Koji Morimoto grew up in a peaceful village living “a classic Japanese lifestyle.” Only after immigrating to the United States in 1992, landing in California, then moving to upstate New York, did he fully appreciate what he had and became serious about Japanese gardening.
Now as the owner of Japanese Landscaping, he designs and maintains gardens for clients throughout Kansas City. At the Prairie Village home of Francis and Charlene Lemery, a comprehensive garden he maintains, Morimoto shared his thoughts:
Q. How different is Japanese gardening from regular gardening?
A. In a Western-style garden, you see one big garden all at once, the whole picture. In a Japanese garden, it’s about walking and seeing one part, then turning the corner and finding another. Japanese gardens are contained all the time like in a bento box. American gardens are more like a pizza with all the toppings mixed together.
Q. How is gardening like a bento box?
A. We enjoy separating areas and creating order. Each zone has a different purpose and meaning. There also has to be a framework — some boundary to the design — such as with boulders.
So even when winter comes, the border stays and the design never disappears. And even if you have a small space, you can have a very interesting garden.
Q. What are different areas you might include?
A. A Zen garden is what most people know, where the monks rake the gravel every morning, but that is just one aspect. There could be a healing garden or tea gardens for a tea ceremony.
There are always paths and maybe a bridge. And there is always a water element. The most popular is a koi pond, but having one is like mowing — it has to be maintained every week.
Q. Is this style of gardening less maintenance?
A. To me, Japanese landscaping is much less work than American-style gardening. Mowing grass once a week is like a religion to Americans. I love the design and maintenance, like pruning. Mowing does nothing for me, so I don’t use much grass, rather, more gravel, plants or bare ground with stepping stones.
Q. What materials do you use?
A. Fifty percent or more of the garden is rocks. I start with hardscaping, then big boulders that create the framework. Next comes large trees inside the different zones, then middle-size trees, low-ground bushes and ground covers.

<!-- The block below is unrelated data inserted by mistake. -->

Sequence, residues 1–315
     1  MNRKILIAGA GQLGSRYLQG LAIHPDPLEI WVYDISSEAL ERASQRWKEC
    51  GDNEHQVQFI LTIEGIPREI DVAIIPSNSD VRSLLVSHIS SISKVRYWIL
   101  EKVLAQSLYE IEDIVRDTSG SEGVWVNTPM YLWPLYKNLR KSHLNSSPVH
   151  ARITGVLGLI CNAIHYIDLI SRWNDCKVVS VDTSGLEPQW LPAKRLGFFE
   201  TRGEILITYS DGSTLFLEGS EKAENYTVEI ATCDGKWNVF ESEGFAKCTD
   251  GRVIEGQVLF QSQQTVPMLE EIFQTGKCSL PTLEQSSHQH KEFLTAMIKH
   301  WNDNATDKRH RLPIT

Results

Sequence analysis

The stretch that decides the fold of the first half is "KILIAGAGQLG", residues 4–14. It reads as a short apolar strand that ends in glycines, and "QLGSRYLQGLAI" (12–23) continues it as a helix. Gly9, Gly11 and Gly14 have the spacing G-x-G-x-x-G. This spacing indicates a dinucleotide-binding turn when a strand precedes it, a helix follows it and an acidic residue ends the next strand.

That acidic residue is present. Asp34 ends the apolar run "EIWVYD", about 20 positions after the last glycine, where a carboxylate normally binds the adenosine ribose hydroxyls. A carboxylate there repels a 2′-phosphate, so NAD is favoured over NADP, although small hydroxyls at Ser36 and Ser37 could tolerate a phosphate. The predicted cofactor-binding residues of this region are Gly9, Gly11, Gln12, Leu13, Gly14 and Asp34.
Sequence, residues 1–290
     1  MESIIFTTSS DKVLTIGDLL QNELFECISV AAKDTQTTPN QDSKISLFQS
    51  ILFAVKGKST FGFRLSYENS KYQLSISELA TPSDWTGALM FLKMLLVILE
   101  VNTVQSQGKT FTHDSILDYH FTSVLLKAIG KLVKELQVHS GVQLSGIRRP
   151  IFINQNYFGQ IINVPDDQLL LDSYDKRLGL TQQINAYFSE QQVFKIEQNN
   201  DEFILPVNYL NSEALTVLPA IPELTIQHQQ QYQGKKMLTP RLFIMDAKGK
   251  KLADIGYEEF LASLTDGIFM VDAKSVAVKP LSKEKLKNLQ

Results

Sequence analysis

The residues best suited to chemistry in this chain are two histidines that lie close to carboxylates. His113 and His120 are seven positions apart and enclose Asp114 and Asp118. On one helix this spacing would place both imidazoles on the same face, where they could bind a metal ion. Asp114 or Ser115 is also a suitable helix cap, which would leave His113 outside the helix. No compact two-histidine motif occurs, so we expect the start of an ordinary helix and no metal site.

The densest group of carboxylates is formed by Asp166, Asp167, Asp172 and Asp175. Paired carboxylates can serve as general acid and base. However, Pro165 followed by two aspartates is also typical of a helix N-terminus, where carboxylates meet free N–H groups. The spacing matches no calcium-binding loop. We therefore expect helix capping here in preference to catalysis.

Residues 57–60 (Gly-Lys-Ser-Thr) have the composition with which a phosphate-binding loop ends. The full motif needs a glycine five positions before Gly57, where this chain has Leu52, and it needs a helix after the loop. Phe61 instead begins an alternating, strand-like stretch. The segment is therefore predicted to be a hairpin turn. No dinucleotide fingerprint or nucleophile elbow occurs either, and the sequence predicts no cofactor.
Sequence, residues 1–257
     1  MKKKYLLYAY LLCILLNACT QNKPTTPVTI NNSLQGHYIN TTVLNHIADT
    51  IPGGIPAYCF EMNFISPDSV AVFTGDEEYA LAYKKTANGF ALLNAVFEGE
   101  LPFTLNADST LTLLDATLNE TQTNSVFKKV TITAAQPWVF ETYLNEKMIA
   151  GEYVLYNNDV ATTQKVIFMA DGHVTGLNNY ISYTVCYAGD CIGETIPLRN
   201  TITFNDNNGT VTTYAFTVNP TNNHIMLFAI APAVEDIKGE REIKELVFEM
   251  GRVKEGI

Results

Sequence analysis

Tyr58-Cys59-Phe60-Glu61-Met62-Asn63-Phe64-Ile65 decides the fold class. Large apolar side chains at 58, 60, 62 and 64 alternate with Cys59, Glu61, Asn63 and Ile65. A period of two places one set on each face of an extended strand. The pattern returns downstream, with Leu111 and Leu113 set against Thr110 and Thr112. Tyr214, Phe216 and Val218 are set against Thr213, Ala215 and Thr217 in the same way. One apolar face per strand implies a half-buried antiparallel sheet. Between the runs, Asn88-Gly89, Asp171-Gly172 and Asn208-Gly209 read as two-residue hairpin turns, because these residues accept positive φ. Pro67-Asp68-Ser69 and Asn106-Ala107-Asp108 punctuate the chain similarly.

Q. Are there specific plants you use to create a Japanese look?
A. It’s all based on the site. I cannot bring all the plants I know from Japan, because it is a different zone here. And I don’t use any roses or hibiscus like you’d see in American gardens.
The things I use most are evergreens, followed by deciduous trees so you can appreciate each season, and only about 10 percent other materials. The key is that each plant needs to be trimmed each spring. That makes 100 times the difference. You can see the beauty of the trunk and branches, the flow of the tree, and not just an “ice cream cone.”
Q. What are your favorite colors to use?
A. I like green and appreciate the different shapes and textures, from a green spruce to an azalea. It’s more gentle than, say, pink or red flowers.
Q. What type of house would be suitable for a Japanese garden?
A. It doesn’t matter, as long as the quality of the design of the garden is good. Each room of the house or each sitting place should have its own view of the garden, inviting nature inside the house.
That’s a big concept in Japanese gardening and why I believe so many people like this style of garden: It makes the house feel lighter, more open and relaxed.
Q. How do you get started on a design?
A. I never think of what I did on my last project. Each site is a new canvas, and I can create a space 100 ways. First, we remove anything that has a bad shape, is unnecessary or irritating in any way so we can build more positive energy.
I don’t just think of the house, I think of the people living there and ask myself: “What is the direction of the energy? What is the benefit to the people?” Then I reorganize the garden around elements that cannot move. I talk to the trees, plants and rocks, and figure out how they’re giving energy. I eliminate some and add in fresh plant material. I only keep what makes sense.
Q. Is there a spiritual aspect to it?
A. Water, trees, rocks, wind and light all have energy. When you harmonize all the elements, it’s good for the people. It is said that gardeners live longer lives. We’re getting lots of energy from nature, because we’re always touching it, sharing with it and balancing ourselves.
I tell people if they are too tense to go into nature and sit on a boulder, listen to water or touch a big tree.
Q. Who are your clients?
A. People who have visited Japan or have lived there or have friends there. My clients have a deep attachment to Japan, but not many of them are Japanese. Ninety percent of them are native to this country. These people are very special to me. They appreciate and understand the value — sometimes more than me — of a Japanese garden.
Q. Do you have a garden at your home?
A. Not yet. I will definitely make one of my own, but it will be simpler than this. Everyone asks me: “Is this a house? It looks more like what you’d see at a Japanese hotel.”